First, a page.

CONGRESSIONAL LUNCH SEMINAR: EVIDENCE-BASED STRATEGIES FOR PREVENING HOMEGROWN RADICALIZATION
On February 5, 2016, Dr. Sarah Lyons-Padilla and Dr. Michele Gelfand presented at a SPSSI-sponsored Congressional Lunch Seminar on the topic of evidence-based strategies for preventing homegrown radicalization. The seminar was hosted in conjunction with the Honorable Jim McGovern and attended by more than 100 congressional staffers and professionals from advocacy, association, and other nonprofit organizations.
Dr. Lyons-Padilla began the presentation by debunking some popular myths about homegrown terrorists, and then discussed the psychology of radicalization, explaining that theories of radicalization highlight identity issues and that radicalization might be triggered by threats to one’s sense of significance or feeling that one matters. Next, she described what successful immigrant integration looks like, and explained how the study that she conducted with Dr. Gelfand shows that Muslim immigrants and first-generation American Muslims who identify with both their heritage culture and American culture are most resilient to radical messages. In their study, Drs. Lyons-Padilla and Gelfand also found that discrimination was especially harmful to those people who felt “culturally homeless,” meaning that they did not identify strongly with their heritage culture nor with American culture.
Dr. Lyons-Padilla made a number of recommendations based on the research evidence, including:
- Be anti-ISIS, not anti-Islam.
- Help Syrian refugees adjust.
- Promote integration, and don’t make people give up their culture.
- Guide at-risk immigrants toward the right path.
Toward the end of her presentation, Dr. Lyons-Padilla focused on promising directions, including the 2015 White House Summit on Countering Violent Extremism, and community-based programs such as Montgomery County Model.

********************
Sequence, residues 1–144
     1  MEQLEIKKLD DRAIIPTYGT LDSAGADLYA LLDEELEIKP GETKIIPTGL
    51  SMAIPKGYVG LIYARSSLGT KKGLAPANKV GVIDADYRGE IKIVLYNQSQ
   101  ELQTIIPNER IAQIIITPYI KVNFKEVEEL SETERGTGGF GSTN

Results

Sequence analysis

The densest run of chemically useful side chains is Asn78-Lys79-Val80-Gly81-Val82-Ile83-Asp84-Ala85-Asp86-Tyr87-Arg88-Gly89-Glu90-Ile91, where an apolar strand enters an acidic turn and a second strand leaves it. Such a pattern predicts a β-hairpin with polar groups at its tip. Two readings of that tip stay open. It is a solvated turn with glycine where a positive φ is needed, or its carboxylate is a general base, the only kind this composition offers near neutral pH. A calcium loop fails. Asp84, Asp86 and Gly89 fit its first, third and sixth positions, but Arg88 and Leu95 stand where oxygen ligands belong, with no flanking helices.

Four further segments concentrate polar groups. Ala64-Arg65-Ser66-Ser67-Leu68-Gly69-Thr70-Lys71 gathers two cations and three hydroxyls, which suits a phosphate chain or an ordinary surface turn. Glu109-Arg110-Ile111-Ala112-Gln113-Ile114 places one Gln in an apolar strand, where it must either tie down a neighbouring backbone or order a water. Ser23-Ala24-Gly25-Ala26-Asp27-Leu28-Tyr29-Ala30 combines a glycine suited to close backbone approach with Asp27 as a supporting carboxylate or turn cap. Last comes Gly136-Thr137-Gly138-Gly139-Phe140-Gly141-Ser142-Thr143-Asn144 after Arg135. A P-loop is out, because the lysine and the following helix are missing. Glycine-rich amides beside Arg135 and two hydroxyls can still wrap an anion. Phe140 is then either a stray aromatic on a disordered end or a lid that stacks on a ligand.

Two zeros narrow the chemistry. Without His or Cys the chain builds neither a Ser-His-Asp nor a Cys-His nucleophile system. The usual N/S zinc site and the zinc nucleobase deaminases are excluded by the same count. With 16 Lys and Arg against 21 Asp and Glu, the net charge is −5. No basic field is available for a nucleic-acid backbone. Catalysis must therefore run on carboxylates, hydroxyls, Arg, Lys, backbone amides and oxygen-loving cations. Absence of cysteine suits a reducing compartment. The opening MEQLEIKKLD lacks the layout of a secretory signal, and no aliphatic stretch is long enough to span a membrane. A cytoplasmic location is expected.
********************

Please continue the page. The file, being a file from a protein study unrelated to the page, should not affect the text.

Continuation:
After the presentation, Drs. Lyons-Padilla and Gelfand took questions from the audience. They also visited with the offices of their lawmakers during their visit.
ABOUT THE SPEAKERS
Sarah Lyons-Padilla, Ph.D. is a Research Scientist at Stanford SPARQ: Social Psychological Answers to Real-world Questions, a “do tank” that partners with practitioners to improve society by applying insights from social science. She received her Ph.D. in social and industrial-organizational psychology from the University of Maryland, College Park, where she was a National Science Foundation Graduate Research Fellowship and American Association for University Women Fellowship recipient. Her research focuses on the role of culture in intergroup conflict, and her work on the psychological foundations of homegrown radicalization has been funded by the NSF and the Department of Homeland Security’s National Consortium for the Study of Terrorism and Responses to Terrorism (START). She recently received SPSSI’s Social Issues Dissertation Award for this research. The results are forthcoming in the journal Behavioral Science and Policy and recently received coverage in The Conversation, The Washington Post, Wisconsin Public Radio, and other media outlets.
Michele J. Gelfand, Ph.D. is a Professor of Psychology and Distinguished University Scholar Teacher, Affiliate of the RH Smith School of Business, and leads a diverse group of scholars within the Social Decision Making and Organizational Science area at the University of Maryland, College Park. Under her direction, this group studies phenomena relating to the strength of cultural norms and cultural values, negotiation, conflict, revenge, and forgiveness, and diversity. More recently, she has branched into the study of subjective culture in the Middle East, and has founded a growing research program on tightness-looseness. Her philosophy is to incorporate as many disciplinary perspectives in her work, and she works with computer scientists, neuroscientists, political scientists, and increasingly biologists to understand all things cultural. Dr. Gelfand is the Past President of the International Association for Conflict Management and is the most recent recipient of the Annaliese Research Award from the Alexander von Humboldt Foundation, which was given to 7 scientists worldwide for outstanding contributions in their fields. Her work that was published in Science was honored with the Gordon Allport Intergroup Relations Prize from the Society for the Psychological Study of Social Issues for the best paper published in 2011. Her work has been cited over 12,000 times and has been covered by NPR, the Washington Post, the Boston Globe, and Scientific American, among other outlets.
Click here to see the event invitation.